The Information Technology team within most corporations is critical to a company’s long term success. It houses critical data, drives the analytical capabilities of other departments and plays a crucial role in the communication network of the company. Yet time and again it faces the challenge of budget reductions in a manner that seems both shortsighted and unfair. Often, the biggest challenge IT departments face during budget reviews is proving their value to the bottom line of their company. One novel and underused technique for doing this is for IT to prove that it is vital to the success of the organization’s mission.
Yet, Mission Statements are a paradox: the most popular management tool of the past twenty-five years and yet often the least respected. Chances are your company has one — framed nicely in the lobby perhaps — but can you recite it? Word for word? Can everyone in your IT department? If not, how can you defend your budget and your department’s role within the company?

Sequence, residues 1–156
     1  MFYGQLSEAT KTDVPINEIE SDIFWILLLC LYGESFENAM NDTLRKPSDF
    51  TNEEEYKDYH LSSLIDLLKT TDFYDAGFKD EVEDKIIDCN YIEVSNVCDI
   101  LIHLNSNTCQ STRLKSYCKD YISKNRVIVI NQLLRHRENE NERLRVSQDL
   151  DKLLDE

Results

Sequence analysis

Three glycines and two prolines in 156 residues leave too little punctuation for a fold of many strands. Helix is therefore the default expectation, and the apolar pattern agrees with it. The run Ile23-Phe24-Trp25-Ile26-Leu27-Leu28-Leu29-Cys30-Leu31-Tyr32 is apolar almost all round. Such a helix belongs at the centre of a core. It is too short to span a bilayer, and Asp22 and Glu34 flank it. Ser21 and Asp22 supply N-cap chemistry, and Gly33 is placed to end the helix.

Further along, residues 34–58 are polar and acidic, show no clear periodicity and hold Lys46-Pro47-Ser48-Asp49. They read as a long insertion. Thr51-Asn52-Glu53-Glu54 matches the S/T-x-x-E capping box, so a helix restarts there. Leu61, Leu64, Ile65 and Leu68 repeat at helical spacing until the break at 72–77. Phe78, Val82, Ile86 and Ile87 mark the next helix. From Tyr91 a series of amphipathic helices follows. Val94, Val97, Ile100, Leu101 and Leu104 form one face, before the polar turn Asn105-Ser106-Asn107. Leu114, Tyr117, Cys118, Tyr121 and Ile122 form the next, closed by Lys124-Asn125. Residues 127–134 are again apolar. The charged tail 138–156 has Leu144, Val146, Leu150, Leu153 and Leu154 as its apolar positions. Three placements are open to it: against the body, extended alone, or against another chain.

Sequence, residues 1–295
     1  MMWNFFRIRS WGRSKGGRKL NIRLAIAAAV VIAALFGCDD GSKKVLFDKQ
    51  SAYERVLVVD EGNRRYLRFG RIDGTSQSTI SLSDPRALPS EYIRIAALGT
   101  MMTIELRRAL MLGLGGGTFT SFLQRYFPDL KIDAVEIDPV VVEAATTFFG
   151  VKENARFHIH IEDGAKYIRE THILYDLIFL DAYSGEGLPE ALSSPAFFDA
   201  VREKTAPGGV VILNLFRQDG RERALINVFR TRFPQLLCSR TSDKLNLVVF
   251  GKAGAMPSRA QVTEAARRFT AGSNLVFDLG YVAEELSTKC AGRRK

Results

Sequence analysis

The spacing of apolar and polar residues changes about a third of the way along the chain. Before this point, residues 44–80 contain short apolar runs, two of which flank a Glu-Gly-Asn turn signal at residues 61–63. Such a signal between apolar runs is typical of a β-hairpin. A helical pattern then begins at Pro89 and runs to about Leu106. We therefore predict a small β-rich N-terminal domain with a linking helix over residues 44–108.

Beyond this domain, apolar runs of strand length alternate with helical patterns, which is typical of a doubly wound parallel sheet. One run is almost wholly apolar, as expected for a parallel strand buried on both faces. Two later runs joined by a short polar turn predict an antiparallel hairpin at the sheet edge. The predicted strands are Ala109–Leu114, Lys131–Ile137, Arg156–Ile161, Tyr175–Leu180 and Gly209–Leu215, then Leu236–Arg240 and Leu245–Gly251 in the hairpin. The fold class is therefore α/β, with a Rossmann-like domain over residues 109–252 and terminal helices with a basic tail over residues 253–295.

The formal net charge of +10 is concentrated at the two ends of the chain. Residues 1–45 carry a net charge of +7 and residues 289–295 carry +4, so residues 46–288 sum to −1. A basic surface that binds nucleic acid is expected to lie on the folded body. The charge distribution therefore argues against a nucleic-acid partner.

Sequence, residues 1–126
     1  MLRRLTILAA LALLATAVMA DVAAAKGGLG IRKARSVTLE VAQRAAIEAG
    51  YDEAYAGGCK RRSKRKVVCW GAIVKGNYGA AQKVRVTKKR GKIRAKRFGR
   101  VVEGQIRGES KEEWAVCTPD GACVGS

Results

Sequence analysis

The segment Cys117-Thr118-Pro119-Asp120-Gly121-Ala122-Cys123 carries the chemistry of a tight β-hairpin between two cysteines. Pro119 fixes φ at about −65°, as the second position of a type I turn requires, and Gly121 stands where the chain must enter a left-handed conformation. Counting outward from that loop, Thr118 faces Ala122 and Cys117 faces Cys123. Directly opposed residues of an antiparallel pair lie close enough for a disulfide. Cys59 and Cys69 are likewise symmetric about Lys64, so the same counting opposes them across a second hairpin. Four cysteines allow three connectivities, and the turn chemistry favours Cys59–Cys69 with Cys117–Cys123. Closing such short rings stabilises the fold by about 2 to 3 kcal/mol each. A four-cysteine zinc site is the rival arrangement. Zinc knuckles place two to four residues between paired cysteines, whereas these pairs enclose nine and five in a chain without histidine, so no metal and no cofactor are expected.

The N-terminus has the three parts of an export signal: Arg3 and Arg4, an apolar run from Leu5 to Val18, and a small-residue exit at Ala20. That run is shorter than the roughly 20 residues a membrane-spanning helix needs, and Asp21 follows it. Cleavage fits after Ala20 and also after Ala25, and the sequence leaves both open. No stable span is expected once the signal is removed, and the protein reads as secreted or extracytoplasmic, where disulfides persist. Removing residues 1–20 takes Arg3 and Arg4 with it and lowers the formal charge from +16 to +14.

You may be tempted to dismiss your firm’s mission statement as corporate window-dressing with little relevance to your day-to-day business life – but do so at your peril. More than two decades of studying business success and failure have taught me that every company, regardless of size, needs to have a formally written statement of its mission. But not all mission statements are created equal. A good mission statement should identify your organization’s unique and enduring ‘reason for being’. It should make it clear to employees at all levels what it is the firm is trying to accomplish and why customers would want to do business with you. And a great mission statement will guide the day-to-day actions and decisions of everyone within the company and result in a more focused allocation of valuable time and resources.
All my research indicates that mission statements can make a positive difference to an organization’s bottom line results, provided they are designed and implemented properly.
But leaders of IT should also consider building a departmental mission statement — one that unmistakably aligns with their corporate one. Unfortunately, you may not feel comfortable leading such an important undertaking simply because it is not one of your core competencies. That’s very understandable. Great leaders, however, never hesitate to get help when they need it. Perhaps considering the following four guidelines will assist you. Be warned, though. If you fail to follow any of them, you are probably missing out on some of the advantages that a mission statement can bring your department.